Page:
CRM Gamification - a New Team Sport
Last month, open source CRM provider Zurmo released a beta version of a new app that staked out new ground in this mature software category: The app was built with gamification techniques and a game-oriented user interface in the hope of spurring user adoption.
"It is a direction that is a bit contrarian to typical CRM product development," admitted Ray Stoeckicht, cofounder of Zurmo Open Source CRM.
"But we think it will address a key problem in CRM that has yet to be solved," he told CRM Buyer.
Simply put, companies still have to coax users to adopt sales force automation, marketing automation and CRM suites, despite the advances these applications have made from the early iterations with their decidedly unfriendly user interfaces.
"You find the majority of sales reps don't use these systems," Stoeckicht said.
One example of Zurmo's gamification approach are "early bird" and "night owl" badges that users get when they log onto the system before or after normal working hours.
"We wanted to reward user for doing the right things and doing them consistently," Stoeckicht said.
The industry will see more CRM apps come to market with this approach, he predicted.
When the company was researching the product, it couldn't find any that had gamification embedded directly into the system, recalled Stoeckicht.
However, "there are a number of add-ons and plug-ins along these lines and those seems to be popular," he said.
A Popular Trend in Other Industries
Certainly, gamification has worked in enticing people to adopt other platforms, applications and systems that they otherwise might not have, Rajat Paharia, Bunchball's founder and CPO, told CRM Buyer.
"Gamification is being used to power customer loyalty programs. I have seen it be used to motivate kids to exercise more in specialty apps. Adobe has gamified the learning of Photoshop," he said.
Other examples include Microsoft, which recently introduced a new plug-in for its Visual Studio development program, which gamifies the code-writing process for software developers; and Marriott International, which launched a gamified recruiting tool on Facebook last year called "My Marriott."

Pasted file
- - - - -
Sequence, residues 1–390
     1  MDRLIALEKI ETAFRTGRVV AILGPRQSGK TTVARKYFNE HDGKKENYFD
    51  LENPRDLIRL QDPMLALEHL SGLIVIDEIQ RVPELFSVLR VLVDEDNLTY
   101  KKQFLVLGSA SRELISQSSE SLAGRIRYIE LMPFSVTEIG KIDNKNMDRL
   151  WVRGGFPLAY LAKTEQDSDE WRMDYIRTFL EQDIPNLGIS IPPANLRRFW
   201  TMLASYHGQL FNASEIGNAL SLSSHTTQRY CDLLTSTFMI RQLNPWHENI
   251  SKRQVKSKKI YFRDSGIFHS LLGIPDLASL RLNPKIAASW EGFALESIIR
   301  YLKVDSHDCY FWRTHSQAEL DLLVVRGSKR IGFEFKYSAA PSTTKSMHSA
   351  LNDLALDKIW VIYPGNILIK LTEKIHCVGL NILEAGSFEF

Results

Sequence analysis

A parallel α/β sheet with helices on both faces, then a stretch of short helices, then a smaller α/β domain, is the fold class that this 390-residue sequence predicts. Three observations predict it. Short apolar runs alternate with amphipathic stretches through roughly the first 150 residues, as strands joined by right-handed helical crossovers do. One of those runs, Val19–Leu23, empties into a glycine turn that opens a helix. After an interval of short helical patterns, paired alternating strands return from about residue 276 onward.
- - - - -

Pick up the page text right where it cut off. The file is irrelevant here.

Boosting Behavior by 20 Percent to 200 Percent
Applied correctly, gamification can increase user behavior by 20 percent to more than 200 percent, said Kevin Akeroyd, SVP of field operations for Badgeville.
It as been applied in support desk software, corporate training, collaboration and community software. Sales professionals, in particular, respond well to gamification, he told CRM Buyer.
"They are inherently competitive," Akeroyd noted, which means games not only goose performance, but also reward sales reps for properly updating and maintaining information along the sales process.
Be Wary of Glory-Grabbing Employees
Gamification can deliver results, agreed Morgan Norman, cofounder and CEO of WorkSimple.
But the "games" must be designed around healthy competition and not focused on who has the most points, he cautioned.
"For example, if gamification is centered around social performance -- who contributed to a team goal or whose feedback had the most impact on an objective -- the group as a whole will actually benefit, instead of one employee getting a gold star," Norman told CRM Buyer.
"When only one person gets some glory, it doesn't do much for the team, and it can actually get a little too competitive," he said.
"The ultimate success of gamification programs for the enterprise requires approaching these rewards systems as portable reputation programs across all enterprise experiences, not just within an individual application," Akeroyd added.
"The more places a business can surface employee status and missions," he said, "the more adoption and value companies will experience of their gamification programs."